The ultimate objective of the Government must be, whether the proceeding be a criminal or an administrative action growing out of the discharge of one of its employees, not that the Government "shall win a case, but that justice shall be done." Campbell v. United States, 365 U.S. 85, 96, 5 L. Ed. 2d 428, 81 S. Ct. 421 (1961). This is the lodestar which must guide the course of all parties in this proceeding. We recognize that the failure of the Examiner to request the production of the documents could impair significantly Barnes' defense against the Navy's charges. Barnes has important procedural rights in the appeals process. The Navy may not rely on any documents in its Notice of Proposed Separation unless the documents are made available to him. 5 C.F.R. § 752.202(a)(2)-(3) (1974).*fn3 Moreover, the Examiner "shall discuss all relevant representations and evidence with both parties and make the representations and evidence available to them for review." 5 C.F.R. § 772.304(c) (1974).*fn4 Barnes, however, lacks subpoena or other power to compel the production of such evidence. Therefore, failure of the Examiner vigilantly to safeguard Barnes' procedural rights and to secure for him documents and data necessary for his defense or for an effective cross-examination of witnesses transforms such rights into mere illusory guarantees.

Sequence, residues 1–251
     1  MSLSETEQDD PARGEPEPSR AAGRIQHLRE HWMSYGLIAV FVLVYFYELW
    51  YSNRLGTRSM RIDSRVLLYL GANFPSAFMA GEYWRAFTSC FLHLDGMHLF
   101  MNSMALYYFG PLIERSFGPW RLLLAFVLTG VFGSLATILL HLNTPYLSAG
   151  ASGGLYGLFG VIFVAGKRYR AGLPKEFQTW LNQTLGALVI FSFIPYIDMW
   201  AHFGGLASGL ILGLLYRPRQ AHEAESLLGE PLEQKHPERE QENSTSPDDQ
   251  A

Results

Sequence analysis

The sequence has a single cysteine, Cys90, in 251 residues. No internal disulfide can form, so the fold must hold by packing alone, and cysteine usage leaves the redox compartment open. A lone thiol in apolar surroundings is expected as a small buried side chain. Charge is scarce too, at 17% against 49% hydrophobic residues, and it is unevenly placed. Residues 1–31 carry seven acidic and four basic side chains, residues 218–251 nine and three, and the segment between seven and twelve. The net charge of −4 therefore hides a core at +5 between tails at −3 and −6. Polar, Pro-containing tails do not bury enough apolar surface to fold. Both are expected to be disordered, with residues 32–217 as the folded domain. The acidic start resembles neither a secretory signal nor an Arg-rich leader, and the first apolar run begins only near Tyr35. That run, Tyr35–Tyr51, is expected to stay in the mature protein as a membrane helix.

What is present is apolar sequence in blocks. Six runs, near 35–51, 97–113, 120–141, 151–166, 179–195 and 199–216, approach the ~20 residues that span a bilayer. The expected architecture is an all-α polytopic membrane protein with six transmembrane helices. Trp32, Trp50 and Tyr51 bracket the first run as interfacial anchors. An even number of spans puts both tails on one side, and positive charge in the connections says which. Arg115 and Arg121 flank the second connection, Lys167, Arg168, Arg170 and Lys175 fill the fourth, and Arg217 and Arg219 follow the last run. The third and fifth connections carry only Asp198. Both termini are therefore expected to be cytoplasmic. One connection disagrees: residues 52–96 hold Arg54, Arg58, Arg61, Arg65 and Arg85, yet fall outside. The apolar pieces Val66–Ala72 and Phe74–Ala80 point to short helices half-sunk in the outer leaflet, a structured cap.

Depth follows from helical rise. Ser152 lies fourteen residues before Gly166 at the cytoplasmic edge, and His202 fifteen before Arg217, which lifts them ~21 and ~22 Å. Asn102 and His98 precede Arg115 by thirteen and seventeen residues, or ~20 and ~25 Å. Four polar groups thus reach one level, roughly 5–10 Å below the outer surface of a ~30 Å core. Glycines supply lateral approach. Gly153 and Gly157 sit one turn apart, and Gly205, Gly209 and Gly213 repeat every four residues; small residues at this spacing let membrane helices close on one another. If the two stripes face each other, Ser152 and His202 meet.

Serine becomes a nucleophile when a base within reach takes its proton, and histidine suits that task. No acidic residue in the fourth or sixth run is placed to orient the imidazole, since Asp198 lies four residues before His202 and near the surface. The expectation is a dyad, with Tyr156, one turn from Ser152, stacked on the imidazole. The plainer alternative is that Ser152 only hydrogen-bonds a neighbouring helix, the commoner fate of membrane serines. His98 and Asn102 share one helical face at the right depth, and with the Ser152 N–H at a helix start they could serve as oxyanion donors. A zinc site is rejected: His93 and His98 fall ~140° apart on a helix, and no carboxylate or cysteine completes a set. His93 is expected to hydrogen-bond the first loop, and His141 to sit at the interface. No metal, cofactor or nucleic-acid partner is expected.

Barnes' attempt to secure judicial enforcement of these rights, as important as they are, nonetheless is subject to the doctrine of the exhaustion of administrative remedies. This doctrine, evolved after substantial experience, is conducive to efficient disposition of administrative proceedings and to effective judicial review. Under this principle, Barnes first must await the final decision of the Commission before obtaining judicial relief. See McKart v. United States, 395 U.S. 185, 23 L. Ed. 2d 194, 89 S. Ct. 1657 (1969); cf. Sampson v. Murray, 415 U.S. 61, 39 L. Ed. 2d 166, 94 S. Ct. 937 (1974). See generally 3 K. Davis, Administrative Law Treatise § 20.01 et seq. (1958 ed.). As with most judicially created doctrines, there are judicially created exceptions. A party need not await a final agency decision if the preliminary agency decision clearly and unambiguously violates statutory or constitutional rights, Fitzgerald v. Hampton, 152 U.S. App. D.C. 1, 467 F.2d 755 (1972), or "if the prescribed ...